Expectations for Oral Case Presentations for Clinical Clerks: Opinions of Internal Medicine Clerkship Directors
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- Green, E.H., Durning, S.J., DeCherrie, L. et al. J GEN INTERN MED (2009) 24: 370. doi:10.1007/s11606-008-0900-x
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Little is known about the expectations of undergraduate internal medicine educators for oral case presentations (OCPs).
We surveyed undergraduate internal medicine educational leaders to determine the degree to which they share the same expectations for oral case presentations.
Participants were institutional members of the Clerkship Directors of Internal Medicine (CDIM).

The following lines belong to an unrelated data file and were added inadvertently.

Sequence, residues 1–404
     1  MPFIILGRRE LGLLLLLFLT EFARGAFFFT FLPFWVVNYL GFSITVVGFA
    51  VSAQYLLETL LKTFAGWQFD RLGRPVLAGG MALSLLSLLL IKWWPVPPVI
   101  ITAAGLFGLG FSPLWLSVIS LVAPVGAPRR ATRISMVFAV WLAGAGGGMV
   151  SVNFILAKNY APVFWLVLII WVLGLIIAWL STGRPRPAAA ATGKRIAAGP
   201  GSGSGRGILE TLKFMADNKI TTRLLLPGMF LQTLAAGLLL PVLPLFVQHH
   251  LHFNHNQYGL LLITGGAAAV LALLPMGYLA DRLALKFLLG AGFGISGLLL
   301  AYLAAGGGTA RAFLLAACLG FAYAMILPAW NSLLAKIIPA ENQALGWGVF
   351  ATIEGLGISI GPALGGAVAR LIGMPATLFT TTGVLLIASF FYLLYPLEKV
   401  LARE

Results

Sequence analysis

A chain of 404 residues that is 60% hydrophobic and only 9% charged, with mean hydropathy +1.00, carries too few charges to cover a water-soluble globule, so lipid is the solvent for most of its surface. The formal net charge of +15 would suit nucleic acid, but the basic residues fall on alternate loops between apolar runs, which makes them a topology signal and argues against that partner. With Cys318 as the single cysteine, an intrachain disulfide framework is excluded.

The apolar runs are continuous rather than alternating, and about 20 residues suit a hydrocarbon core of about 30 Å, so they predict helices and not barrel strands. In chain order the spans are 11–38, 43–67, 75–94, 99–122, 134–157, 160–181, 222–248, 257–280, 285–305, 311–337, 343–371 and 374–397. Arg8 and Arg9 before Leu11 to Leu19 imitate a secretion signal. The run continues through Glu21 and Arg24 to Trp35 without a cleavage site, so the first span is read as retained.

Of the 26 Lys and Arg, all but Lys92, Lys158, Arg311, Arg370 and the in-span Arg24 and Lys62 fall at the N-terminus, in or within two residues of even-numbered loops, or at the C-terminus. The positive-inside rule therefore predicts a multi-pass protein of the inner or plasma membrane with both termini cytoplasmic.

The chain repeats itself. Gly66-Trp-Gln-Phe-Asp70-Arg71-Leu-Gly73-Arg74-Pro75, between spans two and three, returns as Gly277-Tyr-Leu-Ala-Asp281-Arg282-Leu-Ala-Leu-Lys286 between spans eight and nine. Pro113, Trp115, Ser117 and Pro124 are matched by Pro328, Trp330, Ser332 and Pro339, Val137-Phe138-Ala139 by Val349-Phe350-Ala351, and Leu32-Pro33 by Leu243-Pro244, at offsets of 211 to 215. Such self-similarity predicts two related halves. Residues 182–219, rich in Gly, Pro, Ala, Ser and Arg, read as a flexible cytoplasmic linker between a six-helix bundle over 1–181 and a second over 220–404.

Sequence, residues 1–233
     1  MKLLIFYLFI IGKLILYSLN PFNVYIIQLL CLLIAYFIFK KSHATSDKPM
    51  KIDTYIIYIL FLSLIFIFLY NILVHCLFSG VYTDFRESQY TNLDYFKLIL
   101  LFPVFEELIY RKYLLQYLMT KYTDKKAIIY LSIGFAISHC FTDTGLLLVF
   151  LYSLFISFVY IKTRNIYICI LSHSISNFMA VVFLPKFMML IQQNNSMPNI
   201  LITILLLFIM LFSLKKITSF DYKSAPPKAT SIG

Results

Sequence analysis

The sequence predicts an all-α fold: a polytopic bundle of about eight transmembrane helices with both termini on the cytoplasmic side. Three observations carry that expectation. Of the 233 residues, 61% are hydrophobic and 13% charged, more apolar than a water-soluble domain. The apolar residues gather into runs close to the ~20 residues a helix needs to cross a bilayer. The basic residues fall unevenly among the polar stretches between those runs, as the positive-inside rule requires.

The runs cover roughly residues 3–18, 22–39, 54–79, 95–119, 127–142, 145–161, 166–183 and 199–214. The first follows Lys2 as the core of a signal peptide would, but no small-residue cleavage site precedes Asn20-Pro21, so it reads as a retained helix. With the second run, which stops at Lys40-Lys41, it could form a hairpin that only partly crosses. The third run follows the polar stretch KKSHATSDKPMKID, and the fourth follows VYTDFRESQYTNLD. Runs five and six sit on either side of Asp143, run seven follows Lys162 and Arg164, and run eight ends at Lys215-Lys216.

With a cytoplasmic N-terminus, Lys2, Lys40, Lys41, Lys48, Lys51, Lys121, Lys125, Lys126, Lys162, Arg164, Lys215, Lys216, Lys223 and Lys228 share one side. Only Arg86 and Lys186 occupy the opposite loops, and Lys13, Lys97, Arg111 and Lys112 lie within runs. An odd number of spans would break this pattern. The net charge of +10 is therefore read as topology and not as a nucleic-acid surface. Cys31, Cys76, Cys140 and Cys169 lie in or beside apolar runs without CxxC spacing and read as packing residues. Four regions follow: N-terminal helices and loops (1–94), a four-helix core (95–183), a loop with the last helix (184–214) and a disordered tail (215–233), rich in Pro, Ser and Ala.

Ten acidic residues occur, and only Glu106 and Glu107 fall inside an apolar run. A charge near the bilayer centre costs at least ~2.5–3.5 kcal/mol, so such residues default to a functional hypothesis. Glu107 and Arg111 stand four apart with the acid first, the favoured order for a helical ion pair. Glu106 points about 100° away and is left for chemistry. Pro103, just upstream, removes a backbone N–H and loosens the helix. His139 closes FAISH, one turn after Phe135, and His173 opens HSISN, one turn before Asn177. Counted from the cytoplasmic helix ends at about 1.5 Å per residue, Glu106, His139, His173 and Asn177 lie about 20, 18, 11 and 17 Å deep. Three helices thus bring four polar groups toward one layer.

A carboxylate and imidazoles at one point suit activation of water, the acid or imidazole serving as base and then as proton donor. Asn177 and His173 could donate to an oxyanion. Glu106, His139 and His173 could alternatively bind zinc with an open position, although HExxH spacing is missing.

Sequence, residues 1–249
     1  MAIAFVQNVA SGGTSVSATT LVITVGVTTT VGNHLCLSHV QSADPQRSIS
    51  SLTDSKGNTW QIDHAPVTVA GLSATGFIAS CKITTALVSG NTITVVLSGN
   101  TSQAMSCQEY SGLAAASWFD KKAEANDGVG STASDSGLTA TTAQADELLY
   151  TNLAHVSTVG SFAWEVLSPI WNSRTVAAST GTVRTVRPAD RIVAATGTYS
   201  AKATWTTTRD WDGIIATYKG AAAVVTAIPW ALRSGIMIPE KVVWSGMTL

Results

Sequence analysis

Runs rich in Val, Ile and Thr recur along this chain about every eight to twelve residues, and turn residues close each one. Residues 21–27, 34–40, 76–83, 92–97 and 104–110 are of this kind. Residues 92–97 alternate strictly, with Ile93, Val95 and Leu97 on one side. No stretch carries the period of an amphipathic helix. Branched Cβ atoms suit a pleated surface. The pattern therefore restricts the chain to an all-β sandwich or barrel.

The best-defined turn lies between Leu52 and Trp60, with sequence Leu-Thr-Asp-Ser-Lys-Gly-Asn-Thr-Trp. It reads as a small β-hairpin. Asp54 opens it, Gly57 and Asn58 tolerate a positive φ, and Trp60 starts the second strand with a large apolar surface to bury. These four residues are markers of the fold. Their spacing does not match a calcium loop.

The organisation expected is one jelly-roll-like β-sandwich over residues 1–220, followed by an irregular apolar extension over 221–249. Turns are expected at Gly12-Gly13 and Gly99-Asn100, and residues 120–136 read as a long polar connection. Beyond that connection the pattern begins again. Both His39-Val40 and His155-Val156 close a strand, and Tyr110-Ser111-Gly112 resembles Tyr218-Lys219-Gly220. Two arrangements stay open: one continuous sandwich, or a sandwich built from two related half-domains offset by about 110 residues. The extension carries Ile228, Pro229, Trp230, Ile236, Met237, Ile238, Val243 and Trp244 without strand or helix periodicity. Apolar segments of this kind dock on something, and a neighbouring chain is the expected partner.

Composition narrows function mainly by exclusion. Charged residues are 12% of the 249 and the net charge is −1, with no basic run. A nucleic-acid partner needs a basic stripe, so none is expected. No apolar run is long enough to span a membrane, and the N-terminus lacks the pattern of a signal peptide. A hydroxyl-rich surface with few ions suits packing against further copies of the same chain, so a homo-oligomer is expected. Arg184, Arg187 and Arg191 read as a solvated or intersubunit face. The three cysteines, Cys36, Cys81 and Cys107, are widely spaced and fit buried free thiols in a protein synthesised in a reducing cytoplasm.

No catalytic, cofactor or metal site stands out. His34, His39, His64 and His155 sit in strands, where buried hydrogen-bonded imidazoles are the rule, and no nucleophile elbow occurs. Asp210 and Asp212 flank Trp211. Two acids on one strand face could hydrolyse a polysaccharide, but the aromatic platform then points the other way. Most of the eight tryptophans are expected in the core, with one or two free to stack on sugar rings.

We included 20 questions relating to the OCP within the CDIM annual survey of its institutional members. We asked about the relative importance of specific attributes in a third-year medical student OCP of a new patient as well as its expected length. Percentage of respondents rating attributes as “very important” were compared using chi-squared analysis.
Survey response rate was 82/110 (75%). Some attributes were more often considered very important than others (p < .001). Eight items, including aspects of the history of present illness, organization, a directed physical exam, and a prioritized assessment and plan focused on the most important problems, were rated as very important by >50% of respondents. Respondents expected the OCP to last a median of 7 minutes.
Undergraduate internal medicine education leaders from a geographically diverse group of North American medical schools share common expectations for OCPs which can guide instruction and evaluation of this skill.